Shane J. Alliew
“Heav’n has no Rage, like Love to Hatred turn’d, Nor Hell a Fury, like a Woman scorn’d,” William Congreve, The Mourning Bride (Act III Scene 2).
Sometimes I am tempted to compare popular Bollywood so-called feminist based cinema to films like The Dressmaker; yet I refrain from doing so. Think of the classic Khoon Bhari Maang (starring Rekha) and her toss to the crocs, her subsequent return, magical transformation into a model and then her husband’s toss to the crocs. Mundane! Routine- so predictable.
But look at Jocelyn Moorhouse’s 119 minutes of The Dressmaker, based on the novel of the same name by Rosalie Ham. It already tell you what could you expect, when Tilly Dunnage (Kate Winslet) the lead character’s opening statement is “I’m back, you bastards.”
It sets the tone for us, that this is going to be one helluva revenge drama, which it is; but a rather sophisticated one, sweet, powdery, elegant, and fashionable; one which sets the eyeballs rolling up, snooty I say!
As a child Tilly was exiled from her small Australian town, being accused of murder or a rich, spoilt brat kid. Having spent her days in Paris, she now returns a full-grown woman, sewing machine tucked under her arm, her fashionable ideas and with revenge on her mind, to care for her ‘mad’ mother Molly (Judy Davis).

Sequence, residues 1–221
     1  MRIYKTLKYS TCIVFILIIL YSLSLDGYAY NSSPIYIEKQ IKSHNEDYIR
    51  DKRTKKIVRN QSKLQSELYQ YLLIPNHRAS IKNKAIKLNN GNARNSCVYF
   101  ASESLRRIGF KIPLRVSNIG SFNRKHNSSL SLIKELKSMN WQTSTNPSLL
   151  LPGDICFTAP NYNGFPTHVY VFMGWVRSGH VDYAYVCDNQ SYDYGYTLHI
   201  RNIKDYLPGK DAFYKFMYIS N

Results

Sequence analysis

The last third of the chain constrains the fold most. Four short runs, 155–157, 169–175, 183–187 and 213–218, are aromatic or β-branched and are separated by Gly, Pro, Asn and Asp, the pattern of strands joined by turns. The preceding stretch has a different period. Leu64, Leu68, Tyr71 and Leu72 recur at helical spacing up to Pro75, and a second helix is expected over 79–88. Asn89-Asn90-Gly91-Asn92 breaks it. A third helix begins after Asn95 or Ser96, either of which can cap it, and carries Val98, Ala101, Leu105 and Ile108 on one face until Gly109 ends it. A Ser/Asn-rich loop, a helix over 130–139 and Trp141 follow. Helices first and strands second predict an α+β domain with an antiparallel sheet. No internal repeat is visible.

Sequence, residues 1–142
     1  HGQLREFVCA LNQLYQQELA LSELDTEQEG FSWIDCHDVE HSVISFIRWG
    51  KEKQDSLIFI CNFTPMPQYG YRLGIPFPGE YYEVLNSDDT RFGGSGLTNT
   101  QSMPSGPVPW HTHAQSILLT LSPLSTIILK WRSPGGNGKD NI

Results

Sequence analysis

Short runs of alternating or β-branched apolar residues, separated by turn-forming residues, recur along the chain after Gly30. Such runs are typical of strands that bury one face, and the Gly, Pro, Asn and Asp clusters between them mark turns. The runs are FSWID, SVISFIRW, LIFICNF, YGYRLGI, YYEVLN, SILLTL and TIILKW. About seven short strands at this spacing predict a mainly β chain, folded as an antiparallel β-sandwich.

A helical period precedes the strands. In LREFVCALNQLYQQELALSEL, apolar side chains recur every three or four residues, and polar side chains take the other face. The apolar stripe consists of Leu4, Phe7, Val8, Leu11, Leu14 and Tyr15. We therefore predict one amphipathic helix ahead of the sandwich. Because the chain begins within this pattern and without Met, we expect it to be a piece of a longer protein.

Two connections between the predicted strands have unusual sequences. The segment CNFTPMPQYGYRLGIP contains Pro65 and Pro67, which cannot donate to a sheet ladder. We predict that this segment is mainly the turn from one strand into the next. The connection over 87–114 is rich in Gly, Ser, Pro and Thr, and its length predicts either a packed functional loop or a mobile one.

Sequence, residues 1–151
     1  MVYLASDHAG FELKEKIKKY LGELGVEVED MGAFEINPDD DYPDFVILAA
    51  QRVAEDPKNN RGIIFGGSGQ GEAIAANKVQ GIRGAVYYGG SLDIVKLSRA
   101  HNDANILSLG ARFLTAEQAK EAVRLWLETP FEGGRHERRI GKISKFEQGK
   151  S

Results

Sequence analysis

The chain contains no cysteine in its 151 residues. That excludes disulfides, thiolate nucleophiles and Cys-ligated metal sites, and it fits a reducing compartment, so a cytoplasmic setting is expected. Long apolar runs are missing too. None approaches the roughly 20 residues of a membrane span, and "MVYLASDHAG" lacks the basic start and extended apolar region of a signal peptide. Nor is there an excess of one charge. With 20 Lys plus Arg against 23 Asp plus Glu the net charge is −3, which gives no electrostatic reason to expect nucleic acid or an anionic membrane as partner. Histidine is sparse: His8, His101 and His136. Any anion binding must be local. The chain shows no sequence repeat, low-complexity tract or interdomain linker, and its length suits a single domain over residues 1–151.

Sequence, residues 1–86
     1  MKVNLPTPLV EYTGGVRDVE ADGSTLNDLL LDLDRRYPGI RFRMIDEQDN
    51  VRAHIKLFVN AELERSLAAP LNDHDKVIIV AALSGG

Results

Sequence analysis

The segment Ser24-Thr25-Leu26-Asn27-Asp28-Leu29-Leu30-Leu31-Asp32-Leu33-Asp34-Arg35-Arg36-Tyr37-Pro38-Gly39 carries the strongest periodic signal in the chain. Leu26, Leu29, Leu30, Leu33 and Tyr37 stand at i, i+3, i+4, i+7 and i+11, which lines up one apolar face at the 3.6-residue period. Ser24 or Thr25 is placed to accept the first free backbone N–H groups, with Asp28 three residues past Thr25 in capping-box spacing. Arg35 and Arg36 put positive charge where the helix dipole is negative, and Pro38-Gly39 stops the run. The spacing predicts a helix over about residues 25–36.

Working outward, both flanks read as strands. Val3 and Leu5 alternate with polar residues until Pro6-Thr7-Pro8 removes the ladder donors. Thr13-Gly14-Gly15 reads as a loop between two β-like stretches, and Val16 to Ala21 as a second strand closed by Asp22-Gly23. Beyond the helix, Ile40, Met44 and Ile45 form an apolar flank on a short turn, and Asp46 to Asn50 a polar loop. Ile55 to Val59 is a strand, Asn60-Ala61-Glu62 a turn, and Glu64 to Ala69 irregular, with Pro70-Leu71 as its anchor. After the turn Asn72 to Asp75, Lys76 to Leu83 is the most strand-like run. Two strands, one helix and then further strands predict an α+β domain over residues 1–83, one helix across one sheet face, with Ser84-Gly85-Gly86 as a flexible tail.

The townsfolk don’t like the idea about the witch and murderer having returned, but Tilly needs to know what really happened that day at Dungatar, flashes of which come to her in bits and pieces.
Well what can she best do while in the dry, dusty and outback hamlet? Best what she does- get her mother and house in order, dress the womenfolk up and sometimes lure Sergeant Farrat (Hugo Weaving) a closet cross-dresser with the beautiful lace and velvet, into giving her details of the forgotten case.
Well yes, also become the object of affection of the living-in-a-trailer hunk Teddy (Liam Hemsworth), her immediate neighbour, with his mentally challenged brother, mother and a battery of cousins.
Whilst the townsfolk are caught in the dilemma of should they accept the prodigal daughter or not, the others find her the much celebrated new fashion icon seamstress and everyone wants a part of her. Yet there are secrets so dark and skeletons tossed into many an attic, which seem to tumble out one after the other.
Tilly herself believes she is cursed a truth no sooner realised which actually breaks her from within, immediately as she had found true love; but as they say good things never last only the good memories do.
Winslet as the perfect seductress seamstress indulges our senses in more than the perfect creations she makes, completely in vogue; out from the glossy magazines and demands that her expertise be left upto her judgement as she creates glamorous swans out of ugly ducklings.
Will the past allow her to survive and pick up the threads of life which had been so unceremoniously snapped for her, or will they return to weave her into a cocoon of loneliness, despair and darkness than eats into her very being and soul.
I would say both- but out of the ashes rises the phoenix, literally and as her train chugs out.
Well here’s to those that believed that a dress can’t change anything, Till would say unto them, “Watch and learn…watch and learn.”